Subject: Re: C vs. prototypes (was: Problems with gdb under NetBSD 1.0 )
To: John Nemeth <>
From: Greg A. Woods <>
List: current-users
Date: 12/15/1994 12:34:39
[ On Wed, December 14, 1994 at 22:11:36 (-0800), John Nemeth wrote: ]
> Subject: Re: C vs. prototypes (was: Problems with gdb under NetBSD 1.0 )
>      I would have to agree.  K&R C is still the most portable form of
> C except for cases where people change standard functions (i.e. does
> signal return void or int {int is supposed to be the previous signal
> handler for the signal in question so that you can restore it if you
> wish}, does lseek take a long or a quad {note that the 'l' stands for
> long}).  One of my pet peeves is people that write what is mostly K&R
> C (i.e. no prototypes, etc.), but then stick things like 'void *' in
> the code (just watch my Ultrix compiler blow up on that).

This can be avoided -- I've a sysdep.h file that I've used to write
portable K&R C, while still using void in my code (and using manifests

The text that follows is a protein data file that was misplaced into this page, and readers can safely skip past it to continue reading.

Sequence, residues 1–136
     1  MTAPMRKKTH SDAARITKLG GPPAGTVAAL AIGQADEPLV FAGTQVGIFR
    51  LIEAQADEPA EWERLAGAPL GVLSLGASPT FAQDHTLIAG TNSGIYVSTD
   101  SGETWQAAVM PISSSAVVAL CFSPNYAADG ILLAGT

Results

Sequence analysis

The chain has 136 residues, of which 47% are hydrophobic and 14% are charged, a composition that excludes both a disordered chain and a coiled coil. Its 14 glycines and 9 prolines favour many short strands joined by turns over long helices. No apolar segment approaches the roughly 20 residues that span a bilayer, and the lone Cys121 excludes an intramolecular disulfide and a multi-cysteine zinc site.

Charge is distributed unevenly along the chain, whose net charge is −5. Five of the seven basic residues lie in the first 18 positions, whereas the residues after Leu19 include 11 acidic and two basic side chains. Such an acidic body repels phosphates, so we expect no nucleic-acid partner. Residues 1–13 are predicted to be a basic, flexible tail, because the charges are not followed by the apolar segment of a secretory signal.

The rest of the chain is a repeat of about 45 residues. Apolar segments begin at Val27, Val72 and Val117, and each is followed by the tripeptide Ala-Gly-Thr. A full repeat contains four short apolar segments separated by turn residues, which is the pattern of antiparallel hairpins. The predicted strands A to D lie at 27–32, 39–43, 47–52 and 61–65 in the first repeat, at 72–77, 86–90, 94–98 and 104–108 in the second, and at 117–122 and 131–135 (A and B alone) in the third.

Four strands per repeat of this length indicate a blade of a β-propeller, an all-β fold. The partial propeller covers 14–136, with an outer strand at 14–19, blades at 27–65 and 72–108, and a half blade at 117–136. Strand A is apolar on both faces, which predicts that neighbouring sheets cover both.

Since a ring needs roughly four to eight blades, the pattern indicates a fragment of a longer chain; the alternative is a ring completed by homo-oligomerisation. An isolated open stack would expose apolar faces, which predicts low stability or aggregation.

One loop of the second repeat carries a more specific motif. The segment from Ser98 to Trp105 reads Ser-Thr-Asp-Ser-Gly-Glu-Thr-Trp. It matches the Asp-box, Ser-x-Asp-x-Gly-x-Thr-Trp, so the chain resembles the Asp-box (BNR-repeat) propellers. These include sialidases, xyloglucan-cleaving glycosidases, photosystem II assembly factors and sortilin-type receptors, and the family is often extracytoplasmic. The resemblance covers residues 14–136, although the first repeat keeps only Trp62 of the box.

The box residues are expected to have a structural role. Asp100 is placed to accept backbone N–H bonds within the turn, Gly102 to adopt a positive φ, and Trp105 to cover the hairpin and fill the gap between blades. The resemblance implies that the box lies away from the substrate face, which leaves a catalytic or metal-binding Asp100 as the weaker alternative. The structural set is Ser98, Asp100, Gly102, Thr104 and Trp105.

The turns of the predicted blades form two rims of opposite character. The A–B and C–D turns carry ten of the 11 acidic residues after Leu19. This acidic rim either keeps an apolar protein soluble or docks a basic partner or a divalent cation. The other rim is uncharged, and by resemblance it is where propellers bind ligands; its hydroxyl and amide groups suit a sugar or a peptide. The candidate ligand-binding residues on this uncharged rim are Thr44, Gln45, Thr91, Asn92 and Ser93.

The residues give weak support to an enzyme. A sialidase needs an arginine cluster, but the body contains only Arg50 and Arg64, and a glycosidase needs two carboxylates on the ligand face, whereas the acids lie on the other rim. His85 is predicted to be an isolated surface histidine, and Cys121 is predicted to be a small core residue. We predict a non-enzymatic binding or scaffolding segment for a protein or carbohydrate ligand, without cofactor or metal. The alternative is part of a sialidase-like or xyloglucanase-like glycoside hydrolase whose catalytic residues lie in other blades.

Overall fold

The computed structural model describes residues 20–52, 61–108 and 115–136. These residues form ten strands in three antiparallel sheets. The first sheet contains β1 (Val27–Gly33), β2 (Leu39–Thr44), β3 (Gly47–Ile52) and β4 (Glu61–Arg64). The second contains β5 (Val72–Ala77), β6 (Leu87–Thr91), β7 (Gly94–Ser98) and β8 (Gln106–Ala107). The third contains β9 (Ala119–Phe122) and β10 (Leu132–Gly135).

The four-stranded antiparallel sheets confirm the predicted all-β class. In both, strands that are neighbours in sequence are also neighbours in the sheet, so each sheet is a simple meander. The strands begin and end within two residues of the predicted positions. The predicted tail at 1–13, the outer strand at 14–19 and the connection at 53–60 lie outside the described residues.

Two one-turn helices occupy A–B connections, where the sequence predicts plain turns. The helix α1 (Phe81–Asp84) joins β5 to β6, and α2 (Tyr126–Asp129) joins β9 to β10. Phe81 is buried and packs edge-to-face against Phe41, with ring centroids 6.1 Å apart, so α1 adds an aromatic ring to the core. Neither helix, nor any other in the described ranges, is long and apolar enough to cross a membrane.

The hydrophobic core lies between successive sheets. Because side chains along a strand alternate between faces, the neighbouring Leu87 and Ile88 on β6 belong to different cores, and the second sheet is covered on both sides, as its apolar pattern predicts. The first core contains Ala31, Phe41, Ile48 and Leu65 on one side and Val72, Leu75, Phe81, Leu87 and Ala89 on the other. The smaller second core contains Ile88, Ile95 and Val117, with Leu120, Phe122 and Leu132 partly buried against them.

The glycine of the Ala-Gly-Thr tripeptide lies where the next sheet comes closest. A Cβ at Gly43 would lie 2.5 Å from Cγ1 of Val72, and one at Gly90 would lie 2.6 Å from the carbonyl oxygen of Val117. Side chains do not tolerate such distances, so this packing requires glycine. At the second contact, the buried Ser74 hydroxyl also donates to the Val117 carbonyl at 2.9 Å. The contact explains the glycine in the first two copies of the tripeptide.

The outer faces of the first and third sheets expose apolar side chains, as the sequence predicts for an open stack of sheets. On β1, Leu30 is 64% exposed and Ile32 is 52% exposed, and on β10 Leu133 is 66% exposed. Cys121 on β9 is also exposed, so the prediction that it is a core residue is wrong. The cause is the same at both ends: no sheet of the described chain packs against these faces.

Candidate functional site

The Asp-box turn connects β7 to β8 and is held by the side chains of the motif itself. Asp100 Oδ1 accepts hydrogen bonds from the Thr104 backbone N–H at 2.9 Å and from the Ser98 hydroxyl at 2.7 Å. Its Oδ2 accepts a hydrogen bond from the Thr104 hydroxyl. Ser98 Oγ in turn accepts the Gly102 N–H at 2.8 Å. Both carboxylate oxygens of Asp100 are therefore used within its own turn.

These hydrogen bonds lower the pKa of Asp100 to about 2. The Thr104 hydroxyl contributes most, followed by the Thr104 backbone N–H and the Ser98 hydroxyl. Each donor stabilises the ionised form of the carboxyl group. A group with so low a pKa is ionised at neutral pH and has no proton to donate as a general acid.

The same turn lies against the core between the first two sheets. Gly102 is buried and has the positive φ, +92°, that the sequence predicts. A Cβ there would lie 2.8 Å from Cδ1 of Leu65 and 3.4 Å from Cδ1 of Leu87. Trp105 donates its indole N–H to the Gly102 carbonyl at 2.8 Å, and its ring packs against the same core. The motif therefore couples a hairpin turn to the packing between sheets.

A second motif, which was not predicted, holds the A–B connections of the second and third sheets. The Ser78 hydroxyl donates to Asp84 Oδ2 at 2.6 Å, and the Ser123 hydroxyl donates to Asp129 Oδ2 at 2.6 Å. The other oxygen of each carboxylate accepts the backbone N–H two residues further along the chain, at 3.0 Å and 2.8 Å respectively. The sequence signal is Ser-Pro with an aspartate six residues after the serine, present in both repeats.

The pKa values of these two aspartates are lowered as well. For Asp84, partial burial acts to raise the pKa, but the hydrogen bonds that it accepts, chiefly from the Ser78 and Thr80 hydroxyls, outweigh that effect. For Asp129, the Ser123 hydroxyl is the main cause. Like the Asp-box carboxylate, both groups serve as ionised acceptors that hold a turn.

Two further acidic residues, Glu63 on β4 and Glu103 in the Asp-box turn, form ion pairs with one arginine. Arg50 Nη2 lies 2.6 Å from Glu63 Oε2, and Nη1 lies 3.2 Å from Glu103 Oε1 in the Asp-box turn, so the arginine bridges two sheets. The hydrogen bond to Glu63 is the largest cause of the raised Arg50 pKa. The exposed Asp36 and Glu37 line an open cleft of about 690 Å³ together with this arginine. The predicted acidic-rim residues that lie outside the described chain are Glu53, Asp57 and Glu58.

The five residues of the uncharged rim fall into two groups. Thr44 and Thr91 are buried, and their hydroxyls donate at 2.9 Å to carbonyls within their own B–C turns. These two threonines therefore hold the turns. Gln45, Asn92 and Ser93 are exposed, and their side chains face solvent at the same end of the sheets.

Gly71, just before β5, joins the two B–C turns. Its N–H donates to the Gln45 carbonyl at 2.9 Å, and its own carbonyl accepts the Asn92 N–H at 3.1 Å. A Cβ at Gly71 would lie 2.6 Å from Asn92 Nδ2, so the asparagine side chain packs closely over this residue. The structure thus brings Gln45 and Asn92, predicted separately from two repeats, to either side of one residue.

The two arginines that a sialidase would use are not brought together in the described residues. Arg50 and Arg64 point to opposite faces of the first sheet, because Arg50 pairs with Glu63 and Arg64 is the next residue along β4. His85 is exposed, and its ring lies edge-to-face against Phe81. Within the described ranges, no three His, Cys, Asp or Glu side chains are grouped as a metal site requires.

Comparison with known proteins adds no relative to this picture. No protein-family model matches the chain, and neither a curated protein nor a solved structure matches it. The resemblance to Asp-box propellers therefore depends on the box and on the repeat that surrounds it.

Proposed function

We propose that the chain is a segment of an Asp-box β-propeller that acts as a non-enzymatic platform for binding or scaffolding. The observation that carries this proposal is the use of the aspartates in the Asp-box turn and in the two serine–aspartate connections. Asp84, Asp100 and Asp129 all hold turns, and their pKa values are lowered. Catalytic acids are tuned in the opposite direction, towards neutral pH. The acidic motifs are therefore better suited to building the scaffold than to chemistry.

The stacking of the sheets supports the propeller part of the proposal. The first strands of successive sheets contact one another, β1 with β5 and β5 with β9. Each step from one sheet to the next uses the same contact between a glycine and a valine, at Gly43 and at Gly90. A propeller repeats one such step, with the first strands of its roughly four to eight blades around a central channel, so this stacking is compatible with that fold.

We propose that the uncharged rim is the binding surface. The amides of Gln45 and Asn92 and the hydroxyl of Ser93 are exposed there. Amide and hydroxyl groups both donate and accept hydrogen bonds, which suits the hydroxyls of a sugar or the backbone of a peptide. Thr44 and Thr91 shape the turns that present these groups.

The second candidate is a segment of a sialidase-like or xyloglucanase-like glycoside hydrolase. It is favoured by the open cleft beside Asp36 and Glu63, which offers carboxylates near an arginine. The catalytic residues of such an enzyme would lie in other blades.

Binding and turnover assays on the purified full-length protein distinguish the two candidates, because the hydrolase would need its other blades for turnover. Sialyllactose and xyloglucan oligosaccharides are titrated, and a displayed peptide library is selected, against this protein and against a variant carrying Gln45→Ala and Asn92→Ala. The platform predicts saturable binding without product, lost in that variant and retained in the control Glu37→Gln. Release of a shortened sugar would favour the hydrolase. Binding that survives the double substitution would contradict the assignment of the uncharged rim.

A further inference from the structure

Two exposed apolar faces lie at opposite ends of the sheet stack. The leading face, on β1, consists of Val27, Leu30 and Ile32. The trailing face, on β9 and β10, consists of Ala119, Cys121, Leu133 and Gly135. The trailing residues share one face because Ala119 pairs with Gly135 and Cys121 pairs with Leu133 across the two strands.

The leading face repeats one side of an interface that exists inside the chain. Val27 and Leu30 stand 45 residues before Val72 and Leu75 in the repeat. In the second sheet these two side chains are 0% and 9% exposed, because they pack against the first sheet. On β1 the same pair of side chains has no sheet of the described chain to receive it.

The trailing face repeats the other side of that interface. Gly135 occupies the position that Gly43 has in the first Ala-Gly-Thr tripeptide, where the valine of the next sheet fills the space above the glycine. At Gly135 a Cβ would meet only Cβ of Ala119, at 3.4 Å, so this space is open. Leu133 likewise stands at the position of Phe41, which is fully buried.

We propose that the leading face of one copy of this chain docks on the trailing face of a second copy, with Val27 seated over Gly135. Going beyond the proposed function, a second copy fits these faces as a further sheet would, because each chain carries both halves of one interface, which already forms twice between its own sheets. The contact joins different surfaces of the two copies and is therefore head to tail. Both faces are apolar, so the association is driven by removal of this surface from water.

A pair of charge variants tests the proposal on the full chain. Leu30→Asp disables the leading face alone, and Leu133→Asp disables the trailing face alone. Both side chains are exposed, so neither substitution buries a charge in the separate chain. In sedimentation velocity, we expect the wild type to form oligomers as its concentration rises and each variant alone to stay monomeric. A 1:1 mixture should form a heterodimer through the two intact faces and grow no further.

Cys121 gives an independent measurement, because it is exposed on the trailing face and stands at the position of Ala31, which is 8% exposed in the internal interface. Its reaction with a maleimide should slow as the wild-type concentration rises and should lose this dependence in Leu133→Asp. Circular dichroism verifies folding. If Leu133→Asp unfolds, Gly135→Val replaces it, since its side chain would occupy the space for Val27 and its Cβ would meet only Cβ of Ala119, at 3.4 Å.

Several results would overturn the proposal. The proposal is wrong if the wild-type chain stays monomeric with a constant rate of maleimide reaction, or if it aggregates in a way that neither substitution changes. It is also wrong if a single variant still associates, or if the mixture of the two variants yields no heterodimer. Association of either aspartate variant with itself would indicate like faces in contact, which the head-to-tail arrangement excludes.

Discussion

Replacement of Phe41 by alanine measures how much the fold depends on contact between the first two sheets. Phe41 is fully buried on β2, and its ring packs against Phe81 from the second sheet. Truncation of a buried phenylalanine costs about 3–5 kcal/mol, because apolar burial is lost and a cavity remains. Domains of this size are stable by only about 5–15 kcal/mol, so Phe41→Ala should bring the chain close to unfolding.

to sort out the other weird return-type conflicts), and still get it to
compile fine on Ultrix V3, and even on a Tandy 16 (Microsoft C on m68k)!

>      Yep, ANSI C compilers don't do cross-file checks and therefore
> can miss a lot of problems.  If you feed multiple files to lint, it
> will make two passes, the first for internal consistency problems and
> the second for external consistency problems.  Does anybody know of a
> decent free version of lint?

I.e. in keeping with the topic of this mailing list, yes, that's sort of
where I was going with this discussion.

IMHO, NetBSD isn't a great UNIX-like development platform until we can
include a lint on it!

>      I'd rather ditch ANSI C, and Hungarian notation (but that's a
> different beef {MS Windows programming is so much fun, NOT!}), even
> though my last name is hungarian.

Too bad POSIX sorta requires ANSI C.  We wouldn't need weak references
otherwise either!

						Greg A. Woods

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